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Big Sur—the 90-mile-long stretch of rugged, central California coastline between Carmel and San Simeon—attracts visitors from all over the world. They come not just for the towering redwoods, coastal bluffs, and wind-swept beaches, but also for the quaint seaside towns that brim with world-class amenities: art galleries, spas, wineries, and farm-to-table restaurants. Soak up the abundant natural beauty while hiking the Santa Lucia Mountains, biking in one of the region’s state parks, or strolling uncrowded beaches. Experience a bit of the Big Sur magic that has enticed writers and filmmakers (like Jack Kerouac and Clint Eastwood) for nearly a century.
Anchored by the Carmel Mission, this seaside town offers much in the way of entertainment: beaches, art galleries, restaurants, and museums. With whimsical architecture, the charming town center feels plucked from a fairytale.
The Monterey Peninsula is home to some of the most famous golf courses in the country: Spyglass Hill, Spanish Bay, or the world-renowned Pebble Beach. Play a round surrounded by sand dunes, towering pines, and coastal bluffs.
The library is dedicated to the late writer and Big Sur resident Henry Miller. It functions as a music, film, and fashion venue, described by CNN as the "beating cultural heart of Big Sur."
Volunteers lead three-hour walking tours of this California State Historic Park. Prior to the lighthouse's construction, multiple shipwrecks were a common occurrence on the nearby shore.
Once the residence of newspaper magnate William Randolph Hearst, the Hearst Castle is now open to the public for tours. Peek into the hilltop estate where Hearst once hosted lavish parties for Hollywood guests in the ‘20s and ‘30s.
Arguably Big Sur’s most recognizable landmark, the Bixby Bridge spans a deep canyon carved out by Bixby Creek. Highway 1 offers plenty of pullouts for photographing this iconic spot.
For more information about vacationing in this destination, contact your Care team.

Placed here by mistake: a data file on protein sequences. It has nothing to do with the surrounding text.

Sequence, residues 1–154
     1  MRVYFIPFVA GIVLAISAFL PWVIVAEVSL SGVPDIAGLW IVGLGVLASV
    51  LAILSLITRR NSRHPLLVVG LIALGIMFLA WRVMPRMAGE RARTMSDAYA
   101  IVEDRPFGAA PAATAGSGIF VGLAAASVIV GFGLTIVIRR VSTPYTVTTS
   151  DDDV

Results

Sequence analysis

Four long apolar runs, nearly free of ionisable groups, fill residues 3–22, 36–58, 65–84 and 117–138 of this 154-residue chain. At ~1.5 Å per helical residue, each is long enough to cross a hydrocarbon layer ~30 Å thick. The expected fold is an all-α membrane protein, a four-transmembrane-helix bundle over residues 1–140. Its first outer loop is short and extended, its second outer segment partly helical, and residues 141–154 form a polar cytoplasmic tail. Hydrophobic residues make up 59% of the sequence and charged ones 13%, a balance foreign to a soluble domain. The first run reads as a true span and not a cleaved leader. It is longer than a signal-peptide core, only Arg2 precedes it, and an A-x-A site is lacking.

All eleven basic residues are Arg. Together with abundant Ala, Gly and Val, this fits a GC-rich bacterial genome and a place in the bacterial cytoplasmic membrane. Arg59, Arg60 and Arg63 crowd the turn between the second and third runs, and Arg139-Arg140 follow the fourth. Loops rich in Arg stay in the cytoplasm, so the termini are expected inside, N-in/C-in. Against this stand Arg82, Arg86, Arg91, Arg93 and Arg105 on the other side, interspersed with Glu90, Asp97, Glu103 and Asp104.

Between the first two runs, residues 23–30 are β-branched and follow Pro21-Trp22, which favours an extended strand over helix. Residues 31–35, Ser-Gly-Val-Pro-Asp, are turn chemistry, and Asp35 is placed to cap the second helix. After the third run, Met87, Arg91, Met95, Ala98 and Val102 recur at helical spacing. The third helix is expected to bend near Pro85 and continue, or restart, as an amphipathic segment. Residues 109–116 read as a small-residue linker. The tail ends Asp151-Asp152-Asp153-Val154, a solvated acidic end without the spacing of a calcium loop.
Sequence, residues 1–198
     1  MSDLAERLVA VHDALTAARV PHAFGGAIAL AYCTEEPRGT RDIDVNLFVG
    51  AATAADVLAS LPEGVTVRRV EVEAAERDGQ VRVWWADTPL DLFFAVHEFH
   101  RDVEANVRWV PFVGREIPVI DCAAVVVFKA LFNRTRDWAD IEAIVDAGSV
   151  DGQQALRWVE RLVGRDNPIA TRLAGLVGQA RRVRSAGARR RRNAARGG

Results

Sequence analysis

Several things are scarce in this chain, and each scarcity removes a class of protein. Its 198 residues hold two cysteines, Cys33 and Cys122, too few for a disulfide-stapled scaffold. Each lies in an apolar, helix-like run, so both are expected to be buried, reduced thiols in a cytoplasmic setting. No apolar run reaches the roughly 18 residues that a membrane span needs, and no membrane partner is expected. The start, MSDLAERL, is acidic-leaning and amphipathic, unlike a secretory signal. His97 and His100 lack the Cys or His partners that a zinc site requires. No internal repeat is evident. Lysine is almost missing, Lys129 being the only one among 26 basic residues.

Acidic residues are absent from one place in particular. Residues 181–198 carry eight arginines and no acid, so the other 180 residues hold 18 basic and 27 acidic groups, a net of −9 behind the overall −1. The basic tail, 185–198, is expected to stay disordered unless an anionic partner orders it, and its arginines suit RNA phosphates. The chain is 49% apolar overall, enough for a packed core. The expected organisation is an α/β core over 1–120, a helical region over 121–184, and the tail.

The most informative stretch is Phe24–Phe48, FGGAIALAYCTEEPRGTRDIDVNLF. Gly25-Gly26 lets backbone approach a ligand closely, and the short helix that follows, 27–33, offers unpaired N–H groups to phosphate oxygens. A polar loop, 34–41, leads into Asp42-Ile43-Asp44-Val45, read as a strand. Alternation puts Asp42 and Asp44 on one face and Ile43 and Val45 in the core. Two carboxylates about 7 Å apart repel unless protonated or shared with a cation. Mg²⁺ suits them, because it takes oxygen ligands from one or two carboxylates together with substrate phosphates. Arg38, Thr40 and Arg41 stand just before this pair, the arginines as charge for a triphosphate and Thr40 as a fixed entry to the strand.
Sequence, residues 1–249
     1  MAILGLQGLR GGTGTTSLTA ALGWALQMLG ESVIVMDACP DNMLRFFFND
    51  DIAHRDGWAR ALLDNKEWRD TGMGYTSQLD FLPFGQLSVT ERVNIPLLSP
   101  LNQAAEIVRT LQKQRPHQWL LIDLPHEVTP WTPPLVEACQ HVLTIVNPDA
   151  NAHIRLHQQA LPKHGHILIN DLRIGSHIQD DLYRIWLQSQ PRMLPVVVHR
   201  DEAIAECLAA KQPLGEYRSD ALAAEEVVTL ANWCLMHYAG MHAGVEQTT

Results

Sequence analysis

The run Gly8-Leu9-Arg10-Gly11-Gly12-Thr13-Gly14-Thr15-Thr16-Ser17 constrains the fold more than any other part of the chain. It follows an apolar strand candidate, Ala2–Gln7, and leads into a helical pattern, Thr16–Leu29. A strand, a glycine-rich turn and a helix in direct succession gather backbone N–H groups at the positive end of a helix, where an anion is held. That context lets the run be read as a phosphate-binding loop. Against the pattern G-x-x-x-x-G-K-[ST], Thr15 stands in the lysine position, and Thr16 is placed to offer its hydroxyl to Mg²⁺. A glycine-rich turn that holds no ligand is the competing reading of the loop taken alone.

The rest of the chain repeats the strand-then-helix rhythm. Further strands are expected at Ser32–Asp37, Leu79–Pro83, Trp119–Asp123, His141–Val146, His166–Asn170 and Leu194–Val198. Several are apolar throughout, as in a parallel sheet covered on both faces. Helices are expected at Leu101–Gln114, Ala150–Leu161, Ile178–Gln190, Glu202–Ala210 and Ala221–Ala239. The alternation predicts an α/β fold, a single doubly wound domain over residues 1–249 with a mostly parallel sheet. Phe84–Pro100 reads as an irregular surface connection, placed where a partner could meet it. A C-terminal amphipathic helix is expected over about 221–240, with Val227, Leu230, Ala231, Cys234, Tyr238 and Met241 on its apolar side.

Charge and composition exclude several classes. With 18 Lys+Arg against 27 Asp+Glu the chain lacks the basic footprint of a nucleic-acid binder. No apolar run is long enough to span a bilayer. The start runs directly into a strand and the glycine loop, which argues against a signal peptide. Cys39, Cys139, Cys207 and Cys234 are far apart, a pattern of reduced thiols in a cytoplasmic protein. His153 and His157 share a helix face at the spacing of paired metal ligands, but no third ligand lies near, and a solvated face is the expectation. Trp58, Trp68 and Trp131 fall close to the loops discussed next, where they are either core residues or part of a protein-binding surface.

The isolated beauty of driving along the coast of Big Sur comes with a small price: very limited cell phone reception. Cell reception in the north end of Monterey and south in Cambria is good but be prepared for stretches of road without service.
If you find yourself outside of the Big Sur area, it's wise to fill your gas tank. Not only are gas stations limited throughout the area, the price for a gallon is much higher within the confines of the sparsely populated region.
Big Sur's climate in both the summer and winter months invites low-hanging fog along Highway 1. The ocean flanks the Santa Lucia Mountains and visibility for driving can be challenging. Check weather reports before you go.
Two hot springs are open to the public within Big Sur: Skyes Hot Springs and the hot springs inside the Esalen Institute. Soak tired hiking muscles in the hot water and be sure to drink plenty of water to stay hydrated.
Thick waves of fog roll off the ocean and onto Big Sur's rocky coastline in the summer, blanketing the jagged landscape in cool, moist air that helps vegetation stay lush and green. Temperatures stay relatively steady throughout the year, with the only remarkable dip happening from November to May. Be sure to bring an umbrella during the rainiest months, usually December to February.
Google Maps satellite images are not always up-to-date, especially in non-U.S. destinations. Some Inspirato accommodations are located in developments built after images were last updated. Our pin placements represent our best location estimates, but actual locations may vary.